trigger

  1. lever that activates the firing mechanism of a gun
  2. an act that sets in motion some course of events

Trigger

The USS Trigger was an American Gato Class submarine of 1525 tons displacement launched in 1942 and lost during the Second World War. The USS Trigger had a top speed of 21 knots surfaced and carried a complement of between 65 and 74. She was armed with one 3 inch dual-purpose gun; two 20 mm Oerlikon anti-aircraft guns; six 21 inch bow torpedo tubes...
Found on http://www.probertencyclopaedia.com/browse/RT.HTM

Trigger

Is a point, threshold, or event which precipitates an action, exercise, or change in behavior. The occurrence is often viewed as the catalyst of an important condition.
Found on http://www.oasismanagement.com/glossary/

trigger

[Verb] To set something off or in motion.
Example: The hot weather triggered an increase in ice-cream sales.
Found on http://www.bbc.co.uk/skillswise/glossary/

trigger

[Verb] To cause something to happen.
Example: The trigger for them moving house was Paul’s new job.
Found on http://www.bbc.co.uk/skillswise/glossary/

Trigger

A trigger is something that causes a data acquisition system to start collecting data. It may be as simple as pressing a software button or a set of conditions which when met trigger data capture (internal triggers), or an externally generated, hardware signal (an external trigger). For more information see Issue 45 of the Monitor newsletter.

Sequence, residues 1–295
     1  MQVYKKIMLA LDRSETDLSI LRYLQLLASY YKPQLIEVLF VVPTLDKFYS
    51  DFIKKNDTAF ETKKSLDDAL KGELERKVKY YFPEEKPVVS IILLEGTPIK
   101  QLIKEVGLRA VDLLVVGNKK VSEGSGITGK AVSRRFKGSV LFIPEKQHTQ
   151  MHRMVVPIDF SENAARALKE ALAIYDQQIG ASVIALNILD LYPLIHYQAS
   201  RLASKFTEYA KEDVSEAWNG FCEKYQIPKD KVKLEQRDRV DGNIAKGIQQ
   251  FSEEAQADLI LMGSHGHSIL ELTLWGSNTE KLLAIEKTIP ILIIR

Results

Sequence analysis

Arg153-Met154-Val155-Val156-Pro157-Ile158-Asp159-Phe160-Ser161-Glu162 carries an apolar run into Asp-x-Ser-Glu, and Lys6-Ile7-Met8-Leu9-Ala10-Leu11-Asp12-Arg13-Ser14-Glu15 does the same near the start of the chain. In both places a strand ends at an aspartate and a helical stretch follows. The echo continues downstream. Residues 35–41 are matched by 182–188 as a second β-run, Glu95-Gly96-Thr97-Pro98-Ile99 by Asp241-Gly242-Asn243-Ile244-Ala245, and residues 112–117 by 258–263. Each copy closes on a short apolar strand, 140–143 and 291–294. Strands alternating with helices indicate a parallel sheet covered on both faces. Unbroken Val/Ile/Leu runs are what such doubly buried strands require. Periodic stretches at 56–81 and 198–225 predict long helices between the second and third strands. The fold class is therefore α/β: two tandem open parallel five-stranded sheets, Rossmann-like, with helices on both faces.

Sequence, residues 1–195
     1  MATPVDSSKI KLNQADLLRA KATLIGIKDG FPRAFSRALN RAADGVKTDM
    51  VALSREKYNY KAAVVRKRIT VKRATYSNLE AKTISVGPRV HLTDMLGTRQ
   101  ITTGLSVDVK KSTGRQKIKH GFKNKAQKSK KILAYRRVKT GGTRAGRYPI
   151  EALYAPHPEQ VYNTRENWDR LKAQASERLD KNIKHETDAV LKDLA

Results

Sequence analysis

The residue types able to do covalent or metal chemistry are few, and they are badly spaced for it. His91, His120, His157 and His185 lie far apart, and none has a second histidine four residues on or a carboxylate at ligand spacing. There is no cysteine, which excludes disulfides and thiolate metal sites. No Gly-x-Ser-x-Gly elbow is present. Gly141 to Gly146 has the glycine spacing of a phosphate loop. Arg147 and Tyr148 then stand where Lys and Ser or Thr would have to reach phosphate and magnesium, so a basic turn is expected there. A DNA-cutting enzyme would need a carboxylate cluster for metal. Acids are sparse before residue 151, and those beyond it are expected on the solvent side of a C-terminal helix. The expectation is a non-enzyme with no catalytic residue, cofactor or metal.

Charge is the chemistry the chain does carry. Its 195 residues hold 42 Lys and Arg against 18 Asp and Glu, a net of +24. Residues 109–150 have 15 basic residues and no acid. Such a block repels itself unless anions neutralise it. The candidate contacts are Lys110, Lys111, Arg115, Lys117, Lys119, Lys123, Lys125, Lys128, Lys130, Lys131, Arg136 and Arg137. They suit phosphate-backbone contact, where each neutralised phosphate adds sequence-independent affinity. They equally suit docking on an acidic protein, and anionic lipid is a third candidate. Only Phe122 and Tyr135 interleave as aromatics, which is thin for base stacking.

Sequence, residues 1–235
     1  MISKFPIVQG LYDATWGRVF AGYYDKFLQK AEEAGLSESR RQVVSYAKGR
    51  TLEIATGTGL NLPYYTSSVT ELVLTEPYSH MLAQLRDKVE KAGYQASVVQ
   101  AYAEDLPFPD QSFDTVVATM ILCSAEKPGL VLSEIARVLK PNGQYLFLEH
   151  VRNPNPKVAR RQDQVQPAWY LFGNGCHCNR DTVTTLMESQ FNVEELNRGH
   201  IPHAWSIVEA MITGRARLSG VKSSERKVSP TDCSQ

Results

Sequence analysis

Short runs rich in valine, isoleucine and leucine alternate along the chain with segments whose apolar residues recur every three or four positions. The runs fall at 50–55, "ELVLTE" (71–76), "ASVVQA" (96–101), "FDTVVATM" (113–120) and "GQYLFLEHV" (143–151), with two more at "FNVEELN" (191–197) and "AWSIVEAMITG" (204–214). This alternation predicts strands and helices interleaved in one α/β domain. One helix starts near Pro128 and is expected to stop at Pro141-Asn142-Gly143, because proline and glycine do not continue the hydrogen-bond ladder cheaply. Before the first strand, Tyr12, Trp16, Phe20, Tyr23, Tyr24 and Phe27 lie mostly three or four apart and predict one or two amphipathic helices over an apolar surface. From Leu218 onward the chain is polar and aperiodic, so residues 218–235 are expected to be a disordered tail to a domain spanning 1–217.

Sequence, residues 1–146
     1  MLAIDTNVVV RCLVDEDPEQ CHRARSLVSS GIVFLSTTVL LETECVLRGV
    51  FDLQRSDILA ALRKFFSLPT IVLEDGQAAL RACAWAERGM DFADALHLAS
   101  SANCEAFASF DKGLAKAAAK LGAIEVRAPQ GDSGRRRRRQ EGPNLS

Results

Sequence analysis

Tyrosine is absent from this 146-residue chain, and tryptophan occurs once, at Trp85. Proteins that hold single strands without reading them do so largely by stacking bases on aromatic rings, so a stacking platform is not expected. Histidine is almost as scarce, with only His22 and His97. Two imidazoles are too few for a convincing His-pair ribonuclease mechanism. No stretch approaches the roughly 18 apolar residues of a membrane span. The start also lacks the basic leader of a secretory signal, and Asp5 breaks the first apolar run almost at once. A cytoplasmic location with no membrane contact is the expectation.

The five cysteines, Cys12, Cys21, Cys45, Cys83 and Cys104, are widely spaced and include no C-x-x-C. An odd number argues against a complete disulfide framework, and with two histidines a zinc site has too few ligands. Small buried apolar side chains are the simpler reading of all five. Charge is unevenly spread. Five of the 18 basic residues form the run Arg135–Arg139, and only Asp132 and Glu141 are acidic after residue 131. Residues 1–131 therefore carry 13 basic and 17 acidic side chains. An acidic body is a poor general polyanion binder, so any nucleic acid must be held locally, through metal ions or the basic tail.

Found on http://www.encyclo.co.uk/local/20158

trigger

[n] - an act that sets in motion some course of events 2. [v] - release or pull the trigger on
Found on http://www.webdictionary.co.uk/definition.php?query=trigger

Trigger

1) The signal or the action of sending a signal to control the start of an event.
2) A device, which puts out a signal to control the start of an event, including a device that puts out such a signal when struck.
Found on http://www.encyclo.co.uk/local/20447

Trigger

Trigger: Something that either sets off a disease in people who are genetically predisposed to developing the disease, or that causes a certain symptom to occur in a person who has a disease. For example, sunlight can trigger rashes in people with lupus.
Found on http://www.medterms.com/script/main/art.asp?articlekey=30700

trigger